Always remember, potty training is just like learning any other skill, like walking, riding a bike, or cutting with scissors. It's a process that takes time, and practice, practice, practice!
Here are some suggestions that may, or may not work for your child. You know them best. Pick and choose what works for you, and try new things that you feel will work well for your child.
Have child potty 2-3 times a day at roughly the same time. Upon waking up, before nap, before bath time. Choose times that work for you but be consistent. This will make it a routine that children can expect.
The process matters, not just the product. Have the child sit for a maximum of one (yes ONE) minute. Sing a short song, count to five or ten, or count down and say "blast off!" This should be an unemotional time. If something happens, great! Praise, high fives, whatever works. If nothing happens, that's fine, too. Practice wiping (if appropriate), flushing, washing. Use words, like "I see that you tried," or "You tried to go pee pee in the potty."
Let your child help pick out new underwear at the store. If they'd like, let them wear it over their diaper or pull up. Let them choose the underwear they want to wear for that day. Anything that includes them in the process.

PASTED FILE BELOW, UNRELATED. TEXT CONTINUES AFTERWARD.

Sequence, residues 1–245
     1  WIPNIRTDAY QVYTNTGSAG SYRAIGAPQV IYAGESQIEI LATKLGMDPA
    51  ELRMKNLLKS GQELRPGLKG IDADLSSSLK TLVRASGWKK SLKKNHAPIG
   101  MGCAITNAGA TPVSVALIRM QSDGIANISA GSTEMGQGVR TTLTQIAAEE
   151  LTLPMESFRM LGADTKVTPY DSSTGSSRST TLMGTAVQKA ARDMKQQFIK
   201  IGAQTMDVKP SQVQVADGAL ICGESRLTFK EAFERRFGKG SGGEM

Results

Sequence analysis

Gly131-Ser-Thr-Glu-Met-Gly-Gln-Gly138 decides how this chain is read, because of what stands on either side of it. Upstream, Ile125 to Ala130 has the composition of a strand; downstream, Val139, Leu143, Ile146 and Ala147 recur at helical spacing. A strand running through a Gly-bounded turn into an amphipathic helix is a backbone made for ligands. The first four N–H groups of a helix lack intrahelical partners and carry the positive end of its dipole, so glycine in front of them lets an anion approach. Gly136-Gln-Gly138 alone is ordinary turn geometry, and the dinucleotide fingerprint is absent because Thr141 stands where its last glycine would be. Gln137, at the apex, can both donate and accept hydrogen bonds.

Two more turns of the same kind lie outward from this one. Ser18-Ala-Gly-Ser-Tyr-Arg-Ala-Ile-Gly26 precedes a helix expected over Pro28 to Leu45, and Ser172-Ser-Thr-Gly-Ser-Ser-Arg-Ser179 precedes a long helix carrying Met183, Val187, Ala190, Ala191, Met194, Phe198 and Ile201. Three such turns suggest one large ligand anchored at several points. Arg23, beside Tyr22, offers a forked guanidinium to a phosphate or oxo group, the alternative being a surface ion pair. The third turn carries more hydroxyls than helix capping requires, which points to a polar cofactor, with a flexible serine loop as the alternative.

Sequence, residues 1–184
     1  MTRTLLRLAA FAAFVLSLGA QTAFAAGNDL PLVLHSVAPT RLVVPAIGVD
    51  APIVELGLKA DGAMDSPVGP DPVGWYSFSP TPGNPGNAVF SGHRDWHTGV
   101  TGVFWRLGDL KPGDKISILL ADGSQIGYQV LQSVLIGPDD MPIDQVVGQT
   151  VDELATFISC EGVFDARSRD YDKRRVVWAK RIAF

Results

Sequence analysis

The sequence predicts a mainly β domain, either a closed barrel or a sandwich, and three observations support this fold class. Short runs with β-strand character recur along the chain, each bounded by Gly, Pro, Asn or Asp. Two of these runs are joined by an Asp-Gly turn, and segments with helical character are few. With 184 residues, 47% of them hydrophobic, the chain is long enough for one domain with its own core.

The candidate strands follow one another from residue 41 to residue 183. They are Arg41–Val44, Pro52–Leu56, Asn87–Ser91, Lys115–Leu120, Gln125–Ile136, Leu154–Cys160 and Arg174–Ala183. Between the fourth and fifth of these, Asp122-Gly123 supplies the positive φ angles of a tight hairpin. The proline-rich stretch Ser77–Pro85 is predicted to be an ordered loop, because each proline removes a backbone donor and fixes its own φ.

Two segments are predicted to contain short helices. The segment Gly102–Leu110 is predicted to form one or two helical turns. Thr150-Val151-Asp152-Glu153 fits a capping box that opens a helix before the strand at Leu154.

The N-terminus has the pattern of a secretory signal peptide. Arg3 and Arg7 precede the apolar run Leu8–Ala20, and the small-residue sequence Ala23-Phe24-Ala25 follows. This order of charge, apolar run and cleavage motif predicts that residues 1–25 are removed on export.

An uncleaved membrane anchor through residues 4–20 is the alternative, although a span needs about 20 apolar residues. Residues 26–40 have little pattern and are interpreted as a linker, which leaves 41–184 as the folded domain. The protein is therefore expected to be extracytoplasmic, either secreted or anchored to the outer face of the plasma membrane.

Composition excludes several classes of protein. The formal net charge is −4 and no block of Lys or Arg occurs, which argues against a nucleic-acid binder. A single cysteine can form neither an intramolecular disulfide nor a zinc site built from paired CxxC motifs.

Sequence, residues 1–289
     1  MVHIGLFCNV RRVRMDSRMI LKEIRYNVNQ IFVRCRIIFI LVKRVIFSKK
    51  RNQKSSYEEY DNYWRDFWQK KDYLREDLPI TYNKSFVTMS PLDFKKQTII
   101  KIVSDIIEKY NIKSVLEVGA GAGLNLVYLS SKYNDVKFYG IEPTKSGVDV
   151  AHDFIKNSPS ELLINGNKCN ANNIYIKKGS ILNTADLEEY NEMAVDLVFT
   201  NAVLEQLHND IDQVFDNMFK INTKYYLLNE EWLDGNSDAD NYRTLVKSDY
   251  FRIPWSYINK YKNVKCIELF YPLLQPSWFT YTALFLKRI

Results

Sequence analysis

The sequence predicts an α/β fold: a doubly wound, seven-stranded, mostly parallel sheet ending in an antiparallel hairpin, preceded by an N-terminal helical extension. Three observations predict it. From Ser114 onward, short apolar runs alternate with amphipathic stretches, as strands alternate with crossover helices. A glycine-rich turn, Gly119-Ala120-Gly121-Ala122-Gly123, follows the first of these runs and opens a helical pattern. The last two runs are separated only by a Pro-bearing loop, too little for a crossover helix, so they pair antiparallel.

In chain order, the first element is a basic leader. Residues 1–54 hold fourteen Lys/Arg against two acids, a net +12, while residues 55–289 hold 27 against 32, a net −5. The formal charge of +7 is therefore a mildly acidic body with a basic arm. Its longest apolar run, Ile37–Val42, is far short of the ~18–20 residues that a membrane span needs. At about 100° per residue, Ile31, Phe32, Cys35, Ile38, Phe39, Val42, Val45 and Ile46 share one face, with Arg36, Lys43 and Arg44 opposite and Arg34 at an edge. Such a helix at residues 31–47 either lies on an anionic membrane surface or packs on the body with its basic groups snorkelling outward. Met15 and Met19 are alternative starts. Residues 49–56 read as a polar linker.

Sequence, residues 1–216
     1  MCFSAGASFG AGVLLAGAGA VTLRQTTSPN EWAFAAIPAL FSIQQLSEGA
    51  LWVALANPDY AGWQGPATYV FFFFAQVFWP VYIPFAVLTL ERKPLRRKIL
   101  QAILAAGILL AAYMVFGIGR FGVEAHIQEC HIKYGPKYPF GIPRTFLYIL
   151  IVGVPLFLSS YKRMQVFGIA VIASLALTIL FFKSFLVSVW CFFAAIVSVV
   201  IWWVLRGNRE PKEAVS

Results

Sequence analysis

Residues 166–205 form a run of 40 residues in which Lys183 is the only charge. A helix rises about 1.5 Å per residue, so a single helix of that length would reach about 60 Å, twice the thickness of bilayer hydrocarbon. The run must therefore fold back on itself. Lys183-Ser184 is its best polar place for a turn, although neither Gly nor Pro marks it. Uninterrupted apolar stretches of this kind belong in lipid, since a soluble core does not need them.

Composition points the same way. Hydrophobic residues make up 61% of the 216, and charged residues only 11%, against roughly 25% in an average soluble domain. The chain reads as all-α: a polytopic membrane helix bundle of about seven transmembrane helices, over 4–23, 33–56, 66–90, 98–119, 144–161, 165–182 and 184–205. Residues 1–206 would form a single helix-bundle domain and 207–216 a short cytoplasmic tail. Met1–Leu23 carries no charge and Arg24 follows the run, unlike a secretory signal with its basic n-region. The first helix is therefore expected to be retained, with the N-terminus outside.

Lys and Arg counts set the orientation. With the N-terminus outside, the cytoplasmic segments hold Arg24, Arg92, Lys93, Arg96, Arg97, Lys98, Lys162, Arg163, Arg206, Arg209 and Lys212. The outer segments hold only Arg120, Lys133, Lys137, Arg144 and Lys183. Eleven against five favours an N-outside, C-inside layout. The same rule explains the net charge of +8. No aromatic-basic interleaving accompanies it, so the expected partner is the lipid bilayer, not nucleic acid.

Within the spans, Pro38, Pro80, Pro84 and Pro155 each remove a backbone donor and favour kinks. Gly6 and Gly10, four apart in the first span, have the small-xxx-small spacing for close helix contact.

When out and about - take them to the restroom. Talk about triangles for Women's Room, rectangles for Men's. What kind of sink do they have? The color of the walls? Is the soap/water/towels automatic? Anything that is interesting. Remember, this will all make the process more interesting and more appealing. Even if you don't need to, check out the rest rooms and go through the motions.
When you feel that your child is showing readiness signs...staying dry for several hours, dry after nap overnight, showing an interest in the potty make a plan. Pick a time when you will be home consistently for at least 4 full days (over Thanksgiving, winter break or Pesach so you can master the basics at home before traveling out to new potties).
At home, take them potty every 20-30 minutes. Give them a warning that in 2-5 minutes it'll be time to try. If they are involved in a game, use that as a tool. "When you finish that building, we'll try to potty." Remember, "TRY" is the most important word - it's not a failure if they don't produce.
Be consistent once you begin. And always remember, it will take time. For some it'll be a week or two, for others it could be a month, or longer. They will get there - promise! Let them know diapers are all gone except for the night time diaper/nap diaper (show them it is thicker and say bye -bye to day time diapers).
Bring the tiny potty chair into the living room, outside when playing, and in back of car when going to the park. Accessibility is really important in the first few weeks. This makes it easy to stop what you are doing and go potty. Especially when playing in the living room watching TV and playing. Gradually moved the potty further away until it was in the bathroom.
Let us know if there is anything we can do to assist in the process. We'll be happy to take the children potty more frequently in the class. Please remember that we want to make this a successful experience for the child at school. We will not insist that they try if they are resistant.